It is also emphatically noted that these Islamist movements have little in common with those who are described as “jihadi movements”. They are seen as concerned with their own societies, not a global agenda attributed to the jihadis, and their goal is to correct their own societies rather than weaken the West. Most significantly, they are pluralistic in that they accept that all citizens are good Muslims; their intention is not to re-Islamicize but to reorganize society on the basis of ideals and values upheld by the majority. The pragmatic orientation of these movements is also noted in their ideological flexibility. The Muslim Brotherhood in Egypt looked to Sufi principles, while the closely related Muslim Brotherhood in Sudan did not hesitate to look to the Sudanese Communist Party for ideological discourse and understanding.


Constitutional Principles

The relationship between religion and the state in Islam is a rich source of ideas. Some contend that such guidance as is available from the time of the Prophet (PBUH) is on the proper relationship between religion and society (Madina according to some had no paid police or army and no other indicia of a modern state), and that principles for the conduct of the state were elaborated by subsequent rulers for reasons of state rather than necessarily reflecting religious values. The other view point emphasizes that essential principles of governance have been given in the Quran and Sunnah, yet how these values and principles are to be translated into state institution, processes and policies would depend on the light of contemporary needs and opportunities.


The obligatory sovereignty of Allah is not necessarily at odds with the notion of popular sovereignty and democracy, as long as the latter is consistent with broadly religious principles. Shariah is an obligatory basis for statecraft and social conduct, a set of guiding principles for reasoning about meeting the demands of change and the appropriate contemporary means for ensuring compliance with divine law. The role of critical reasoning is therefore central to the practice of Shariah.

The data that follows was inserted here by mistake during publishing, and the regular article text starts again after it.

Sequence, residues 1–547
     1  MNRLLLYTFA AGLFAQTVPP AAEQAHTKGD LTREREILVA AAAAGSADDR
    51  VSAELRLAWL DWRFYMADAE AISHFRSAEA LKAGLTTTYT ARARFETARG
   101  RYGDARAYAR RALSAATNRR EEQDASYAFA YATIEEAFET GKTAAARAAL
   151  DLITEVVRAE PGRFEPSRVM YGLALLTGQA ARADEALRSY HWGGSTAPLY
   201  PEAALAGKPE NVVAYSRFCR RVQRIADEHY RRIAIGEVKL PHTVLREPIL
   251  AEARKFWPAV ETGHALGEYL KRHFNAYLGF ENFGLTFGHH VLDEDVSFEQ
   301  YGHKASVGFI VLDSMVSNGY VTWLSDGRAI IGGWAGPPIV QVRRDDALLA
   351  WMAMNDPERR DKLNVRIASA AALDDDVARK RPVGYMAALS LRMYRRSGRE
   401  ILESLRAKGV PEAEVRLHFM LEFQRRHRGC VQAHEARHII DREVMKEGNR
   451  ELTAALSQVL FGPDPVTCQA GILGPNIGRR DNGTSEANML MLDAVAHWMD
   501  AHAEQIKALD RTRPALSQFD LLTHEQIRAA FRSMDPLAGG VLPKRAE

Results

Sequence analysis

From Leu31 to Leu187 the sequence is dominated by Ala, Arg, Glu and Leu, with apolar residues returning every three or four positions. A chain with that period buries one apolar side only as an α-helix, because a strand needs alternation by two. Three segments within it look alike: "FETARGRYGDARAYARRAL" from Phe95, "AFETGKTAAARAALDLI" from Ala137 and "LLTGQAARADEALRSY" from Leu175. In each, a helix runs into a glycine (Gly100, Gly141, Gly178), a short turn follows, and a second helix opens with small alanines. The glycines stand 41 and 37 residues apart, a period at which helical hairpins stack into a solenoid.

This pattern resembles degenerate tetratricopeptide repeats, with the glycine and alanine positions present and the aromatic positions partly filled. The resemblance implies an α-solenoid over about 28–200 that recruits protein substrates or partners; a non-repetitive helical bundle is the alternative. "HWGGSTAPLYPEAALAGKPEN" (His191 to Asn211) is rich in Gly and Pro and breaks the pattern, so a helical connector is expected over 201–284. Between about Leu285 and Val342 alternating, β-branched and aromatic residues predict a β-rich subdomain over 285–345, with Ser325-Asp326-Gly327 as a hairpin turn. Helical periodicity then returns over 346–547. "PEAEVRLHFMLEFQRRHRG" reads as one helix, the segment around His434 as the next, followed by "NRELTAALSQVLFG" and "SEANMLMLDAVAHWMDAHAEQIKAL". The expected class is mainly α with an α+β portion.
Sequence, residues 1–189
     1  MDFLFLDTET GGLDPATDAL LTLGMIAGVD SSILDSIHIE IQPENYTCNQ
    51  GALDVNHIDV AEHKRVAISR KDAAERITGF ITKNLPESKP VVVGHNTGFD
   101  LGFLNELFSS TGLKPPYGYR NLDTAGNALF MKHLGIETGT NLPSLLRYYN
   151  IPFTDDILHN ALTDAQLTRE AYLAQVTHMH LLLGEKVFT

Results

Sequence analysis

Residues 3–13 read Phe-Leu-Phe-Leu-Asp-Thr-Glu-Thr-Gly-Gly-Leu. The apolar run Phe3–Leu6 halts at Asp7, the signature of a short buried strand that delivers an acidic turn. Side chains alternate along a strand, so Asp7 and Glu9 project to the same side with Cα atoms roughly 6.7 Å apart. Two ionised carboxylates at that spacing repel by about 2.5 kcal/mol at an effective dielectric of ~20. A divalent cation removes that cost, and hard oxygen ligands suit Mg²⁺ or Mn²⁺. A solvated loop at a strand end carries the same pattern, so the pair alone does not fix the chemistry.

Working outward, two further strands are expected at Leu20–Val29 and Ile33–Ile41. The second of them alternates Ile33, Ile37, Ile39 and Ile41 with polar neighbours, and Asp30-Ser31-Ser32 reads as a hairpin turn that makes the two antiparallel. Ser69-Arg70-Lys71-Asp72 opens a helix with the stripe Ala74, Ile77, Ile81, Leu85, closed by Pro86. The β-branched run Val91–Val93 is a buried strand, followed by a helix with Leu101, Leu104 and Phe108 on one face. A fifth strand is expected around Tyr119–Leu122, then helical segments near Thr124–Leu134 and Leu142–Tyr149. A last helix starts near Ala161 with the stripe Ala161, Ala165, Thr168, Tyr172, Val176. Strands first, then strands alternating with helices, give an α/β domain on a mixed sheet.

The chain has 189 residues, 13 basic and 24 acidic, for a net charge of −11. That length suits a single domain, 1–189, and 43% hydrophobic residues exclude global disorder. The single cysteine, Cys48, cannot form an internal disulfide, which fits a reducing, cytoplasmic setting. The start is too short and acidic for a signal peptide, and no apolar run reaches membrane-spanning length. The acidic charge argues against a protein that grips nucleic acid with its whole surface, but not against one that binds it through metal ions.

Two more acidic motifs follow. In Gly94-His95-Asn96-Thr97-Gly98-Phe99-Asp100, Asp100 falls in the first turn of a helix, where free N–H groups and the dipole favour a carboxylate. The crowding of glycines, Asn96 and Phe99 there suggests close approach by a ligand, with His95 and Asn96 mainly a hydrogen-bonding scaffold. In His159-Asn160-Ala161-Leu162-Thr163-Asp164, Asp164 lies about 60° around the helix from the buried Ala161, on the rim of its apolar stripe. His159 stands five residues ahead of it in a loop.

The tradition of Islamic statecraft (or social norms) going back to the time of the Prophet (PBUH) in Madina has much of contemporary relevance to say about justice and welfare, the rights of minorities, unity within the Muslim community and cohesion with non-Muslim minorities and neighbors. Indeed, the term Ummah was used by the Prophet (PBUH) to describe all the distinct communities of Madina, not only Muslims.

Because of the widespread perception among Muslims that there is a rich tradition to draw on for the conduct of statecraft, there is wide popular support for Islamic forms of administration, and political slogans based on Islam are highly resonant in the Muslim world and among Muslim minorities.

Islamic justice is seen as being at the heart of the world-wide intellectual and political renewal of Islam. Islamic law is appealing because it is seen as a constraint on rulers and a mechanism for ensuring justice for all – a cognate of Western notions of the rule of law.

On the relationship between religion and the state, there was much discussion of Christian history and the many Christian parallels. In the Muslim world secularism is equated with despotic regimes under western sponsorship. There also appears to be a sense that although it started as a principle of tolerance, secularism has now developed an aggressive thrust, antipathetic to religion rather than neutral.


Intellectual and Religious Freedom

The status and treatment of religious, sectarian or ideological minorities within Islamic societies is a contested territory. Some see the ideological variety as a sign of vigor; others see particular sectarian minorities such as Ismailis or Ahmadis as “western-inspired mischief to be nipped in the bud“. This point of view seems to some participants to be based on political, not religious, concerns.

Questions of pluralism, particularly the treatment of apostasy, remain difficult. There is on the one hand a sense that pluralism is not a problem, and that Islamic thought thrives in a plural intellectual environment. On the other hand there is a question about the point at which intellectual freedom challenges the Islamic nature of the society.


Muslim Minorities

These issues, and even more those of the treatment of non-Muslim religious minorities in predominantly Muslim societies, cause concern to those Muslims who are minorities in predominantly non-Muslim societies.

There is a significant distinction in the priorities and perspectives of those from Muslim minorities in Sri Lanka, India and the Philippines, and those of Pakistanis and others from Muslim-majority nations. It is also the case that those from long-established minorities seem to have a different sense of Muslim identity from Muslim minorities in diaspora in the West. The former are rooted in local and regional cultural practices and social relations with non-Muslims, while the latter are seen as much more susceptible to global intellectual trends and a transnational sense of Muslim identity.

Several considerations seem to mark the situation of Muslim minorities. If persecuted they need allies among other oppressed comm.-unities in their societies. This can also take a positive form, as when Sri Lankan Muslims think of themselves as a bridge and a light to mitigate the alienation between the Sinhalese and Tamil communities.